• Telescoping lids went up 14 percent.
  • Inner lids were up 20 percent.
  • Bottom boards were up 14 percent

Average those figures together and you get an average price increase of 17.5 percent. That’s some serious inflation in just two months.

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Costco Shopping Trip Shows No Sign of Inflation, Yet

I visit two stores known for low prices and I found no signs of inflation. But its there at the gas pump.

As I mentioned yesterday, I came down from my mountain, drove hundreds of miles to visit an elder relative who needed my help, and ended up in a small city. It’s not a bad city, but the drone of the highway and other constant city sounds seemed loud after the quiet of the mountains. The trip was another reminder that about the only benefit of my occasional returns to society is access to shopping that isn’t available in the country.

In other words, I went to Costco for the first time in more than six months.

Other than the store layout in this distant town being sideways compared to what I am used to, it wasn’t much different. I bought Spam, spaghetti sauce, beans and other canned and dried goods for the pantry, bags of sugar for the bees, and paper towels for my wife. Unfortunately, this store did not have canned roast beef, which several bloggers and vloggers have reported on. Too bad; I was planning to buy at least a dozen cans, maybe two dozen.

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Another Busy Week on the Homestead

With spring giving way to summer and summer storms rolling through, we have to plan our work around the weather. There always seems to be more to be done.

We tackled multiple projects this week, some inside and some outside as we received more than 2.5 inches of rain and plenty of mountain fog over the past few days.

I built a new desktop computer for my wife, after ordering all the components online, moving her from her creaky Windows 7 box to a new Windows 10 computer. Transition was pretty seamless and all her old peripherals and her wireless network card worked just fine, which was a relief. That filled a rainy day and then it took part of the night for Windows to update repeatedly.

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Prepper Diary: A Chilly and Somber Memorial Day

Why do we say “Happy Memorial Day?” Shouldn’t it be a more somber holiday? This year the weather was cold enough that no one on the East Coast felt like celebrating the start of summer.

Depending on which digital thermometer you believe, it is either 68 degrees or 65.7 in my basement.

So much for the accuracy of digital thermometers.

The old-fashioned analog thermometer agrees with the lower temperature, and my toes are inclined to believe it. As temperatures have plummeted this weekend, with highs in the low 50s and night time temps back into the 30s, I have had to decide it I want to start a fire in the wood stove or just put on another fleece.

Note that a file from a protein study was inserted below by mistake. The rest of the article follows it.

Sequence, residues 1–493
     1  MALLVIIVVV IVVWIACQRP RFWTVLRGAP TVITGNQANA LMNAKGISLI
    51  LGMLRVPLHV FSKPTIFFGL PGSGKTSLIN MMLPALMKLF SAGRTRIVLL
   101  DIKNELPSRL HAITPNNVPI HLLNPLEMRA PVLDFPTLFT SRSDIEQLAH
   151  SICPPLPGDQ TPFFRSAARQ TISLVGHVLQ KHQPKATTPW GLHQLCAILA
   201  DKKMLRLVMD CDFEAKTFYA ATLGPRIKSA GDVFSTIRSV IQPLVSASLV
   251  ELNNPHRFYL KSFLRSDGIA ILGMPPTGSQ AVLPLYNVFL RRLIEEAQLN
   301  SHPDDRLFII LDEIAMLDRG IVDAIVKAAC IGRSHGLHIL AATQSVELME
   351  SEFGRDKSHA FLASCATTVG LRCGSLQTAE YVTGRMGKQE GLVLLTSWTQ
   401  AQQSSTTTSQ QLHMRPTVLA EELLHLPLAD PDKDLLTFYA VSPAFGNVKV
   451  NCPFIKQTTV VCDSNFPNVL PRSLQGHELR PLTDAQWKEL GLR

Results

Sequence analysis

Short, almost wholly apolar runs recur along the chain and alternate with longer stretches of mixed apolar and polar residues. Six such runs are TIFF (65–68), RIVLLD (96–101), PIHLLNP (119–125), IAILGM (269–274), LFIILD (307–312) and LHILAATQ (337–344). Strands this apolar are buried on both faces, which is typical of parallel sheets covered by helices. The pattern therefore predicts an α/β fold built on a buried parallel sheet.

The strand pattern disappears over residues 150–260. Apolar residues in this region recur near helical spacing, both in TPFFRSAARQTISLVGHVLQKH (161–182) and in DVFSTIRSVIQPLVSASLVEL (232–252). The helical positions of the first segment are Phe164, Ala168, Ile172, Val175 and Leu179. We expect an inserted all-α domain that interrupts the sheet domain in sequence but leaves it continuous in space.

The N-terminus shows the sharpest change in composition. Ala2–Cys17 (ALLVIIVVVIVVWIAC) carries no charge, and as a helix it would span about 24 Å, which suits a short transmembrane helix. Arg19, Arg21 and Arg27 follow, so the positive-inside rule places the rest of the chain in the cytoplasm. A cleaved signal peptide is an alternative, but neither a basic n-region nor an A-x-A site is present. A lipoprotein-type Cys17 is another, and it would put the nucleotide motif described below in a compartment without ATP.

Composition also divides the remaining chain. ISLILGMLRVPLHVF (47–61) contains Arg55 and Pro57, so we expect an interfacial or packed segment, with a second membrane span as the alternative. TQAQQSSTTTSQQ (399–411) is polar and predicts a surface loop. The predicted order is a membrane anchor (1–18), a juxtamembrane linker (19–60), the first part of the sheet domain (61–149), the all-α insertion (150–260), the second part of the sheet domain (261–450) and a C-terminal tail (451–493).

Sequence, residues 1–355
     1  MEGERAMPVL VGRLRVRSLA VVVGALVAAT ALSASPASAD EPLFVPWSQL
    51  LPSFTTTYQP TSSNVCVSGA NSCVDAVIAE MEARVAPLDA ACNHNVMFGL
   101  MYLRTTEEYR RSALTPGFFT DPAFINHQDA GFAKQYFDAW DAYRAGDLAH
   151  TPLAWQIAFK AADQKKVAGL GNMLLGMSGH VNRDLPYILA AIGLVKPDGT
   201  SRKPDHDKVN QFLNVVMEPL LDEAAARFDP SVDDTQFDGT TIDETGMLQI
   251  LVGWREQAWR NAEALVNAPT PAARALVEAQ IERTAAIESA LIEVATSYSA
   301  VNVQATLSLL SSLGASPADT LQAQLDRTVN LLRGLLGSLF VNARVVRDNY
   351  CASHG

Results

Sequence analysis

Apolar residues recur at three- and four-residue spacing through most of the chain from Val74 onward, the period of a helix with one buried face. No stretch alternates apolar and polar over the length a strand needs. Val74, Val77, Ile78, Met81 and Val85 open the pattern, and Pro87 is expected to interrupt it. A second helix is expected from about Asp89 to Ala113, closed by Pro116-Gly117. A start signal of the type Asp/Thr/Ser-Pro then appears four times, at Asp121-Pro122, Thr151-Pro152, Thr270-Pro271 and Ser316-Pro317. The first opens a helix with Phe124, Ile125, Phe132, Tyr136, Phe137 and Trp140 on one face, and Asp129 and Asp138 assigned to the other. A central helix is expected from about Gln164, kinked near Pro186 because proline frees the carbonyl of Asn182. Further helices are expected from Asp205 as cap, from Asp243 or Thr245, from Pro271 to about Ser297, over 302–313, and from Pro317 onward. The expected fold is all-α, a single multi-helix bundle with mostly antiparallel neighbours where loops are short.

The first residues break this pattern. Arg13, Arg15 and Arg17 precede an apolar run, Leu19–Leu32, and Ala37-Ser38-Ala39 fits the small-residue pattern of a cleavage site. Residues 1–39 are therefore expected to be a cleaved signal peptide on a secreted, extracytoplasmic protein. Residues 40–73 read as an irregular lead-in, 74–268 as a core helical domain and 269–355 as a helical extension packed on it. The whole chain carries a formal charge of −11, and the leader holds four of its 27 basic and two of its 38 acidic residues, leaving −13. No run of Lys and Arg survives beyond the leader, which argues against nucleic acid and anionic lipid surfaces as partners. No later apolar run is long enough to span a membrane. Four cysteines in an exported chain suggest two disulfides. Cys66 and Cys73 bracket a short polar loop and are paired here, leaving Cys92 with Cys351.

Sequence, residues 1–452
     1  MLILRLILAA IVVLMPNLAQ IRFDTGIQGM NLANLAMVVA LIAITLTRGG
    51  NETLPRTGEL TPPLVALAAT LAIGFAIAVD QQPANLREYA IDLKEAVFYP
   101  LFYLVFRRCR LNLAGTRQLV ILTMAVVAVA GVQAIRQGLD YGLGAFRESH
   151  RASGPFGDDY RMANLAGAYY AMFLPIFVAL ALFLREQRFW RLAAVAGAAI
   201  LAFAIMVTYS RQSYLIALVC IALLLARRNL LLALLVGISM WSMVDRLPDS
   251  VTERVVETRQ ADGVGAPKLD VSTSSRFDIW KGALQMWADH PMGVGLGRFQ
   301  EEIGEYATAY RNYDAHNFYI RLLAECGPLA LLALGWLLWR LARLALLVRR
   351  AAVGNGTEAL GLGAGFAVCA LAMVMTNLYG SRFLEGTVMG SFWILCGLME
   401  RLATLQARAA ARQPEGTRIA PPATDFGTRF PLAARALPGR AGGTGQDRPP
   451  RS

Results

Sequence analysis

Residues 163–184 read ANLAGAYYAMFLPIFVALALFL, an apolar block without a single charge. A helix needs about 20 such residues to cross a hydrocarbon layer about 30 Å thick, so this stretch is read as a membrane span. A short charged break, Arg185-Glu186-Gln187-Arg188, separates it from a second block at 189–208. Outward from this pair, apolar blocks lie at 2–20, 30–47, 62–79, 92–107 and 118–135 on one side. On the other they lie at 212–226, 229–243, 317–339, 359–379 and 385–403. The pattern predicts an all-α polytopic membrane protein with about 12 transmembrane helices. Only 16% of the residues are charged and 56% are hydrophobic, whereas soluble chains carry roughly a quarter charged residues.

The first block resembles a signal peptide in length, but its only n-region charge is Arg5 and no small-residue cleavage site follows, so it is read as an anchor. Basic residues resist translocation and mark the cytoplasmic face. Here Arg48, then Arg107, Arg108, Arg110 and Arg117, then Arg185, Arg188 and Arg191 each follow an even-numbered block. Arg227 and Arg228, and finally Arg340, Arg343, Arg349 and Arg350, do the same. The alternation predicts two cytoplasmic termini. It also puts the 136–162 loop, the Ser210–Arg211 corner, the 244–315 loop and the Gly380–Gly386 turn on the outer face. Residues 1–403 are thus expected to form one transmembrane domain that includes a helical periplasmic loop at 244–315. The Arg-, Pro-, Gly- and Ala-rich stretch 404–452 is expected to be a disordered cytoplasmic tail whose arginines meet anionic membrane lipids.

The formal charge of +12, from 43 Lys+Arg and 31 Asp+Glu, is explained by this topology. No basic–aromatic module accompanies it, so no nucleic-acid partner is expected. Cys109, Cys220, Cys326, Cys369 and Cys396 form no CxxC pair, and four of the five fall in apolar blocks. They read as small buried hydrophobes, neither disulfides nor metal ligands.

I am opting for the latter, but only because sun and warmer temperatures are supposed to lie in our immediate future. We also added another blanket to the bed, and our Memorial Day picnic at the neighbor’s has moved indoors.

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Time to Buy an 80-percent Receiver and Build a Ghost Gun

Gun sales are soaring. Ammo is in short supply. The Democrats want to ban your guns. The ATF wants to increase regulation. Sounds like its time to buy a gun,

I wasn’t sure if I should discuss this publicly given the radical anti-gun slant in Washington, but then I figured that since I filled out the paperwork to buy a silencer, I’m probably on their target list already. So here it goes:

I bought a Polymer 80 kit to build a pistol that is compatible with Glock parts. 

Doesn’t sound that dangerous or dastardly does it?  A shame I have to think twice before talking about it.

For any of you who are not in the know, the Polymer 80 is an 80-percent kit that I can use to make a so-called “ghost gun” in the privacy or my workshop with common hand tools.  The gun grabbers are so haunted by the idea of people building their own guns that the BATFE is looking for ways to make them illegal or to require them to be given serial numbers, thereby removing their “ghostiness.”  (As if criminals, most of who use and obtain their guns illegally, follow the laws.)

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Prepper Diary May 28: When is a Weed not a Weed

With the weather improving and the sun shining again, we embark on a host of gardening and other outdoor activities

Now that the last frost date is behind us, our gardening activities have stepped up a notch. For example, the tomatoes and peppers are on the deck hardening off.

While in town the other day, we bought mulch, compost, pots for the container garden, and checked out plants, from herbs to bushes, including annuals and perennials for the pollinator garden. We’re getting to know the folks at the general store, where we go for our soil amendments, garden supplies, and chicken feed, so it’s nice to see them and chat for a few minutes. 

We also ate our first post-mask mandate lunch. As soon as we walked in, we noted that the restaurant had added a chunk of its tables back to what had been a sparsely populated room just a few weeks ago. I would guess they were somewhere close to 75 percent of their “normal” tables present, a big increase. About half the wait staff were wearing masks and about half were not.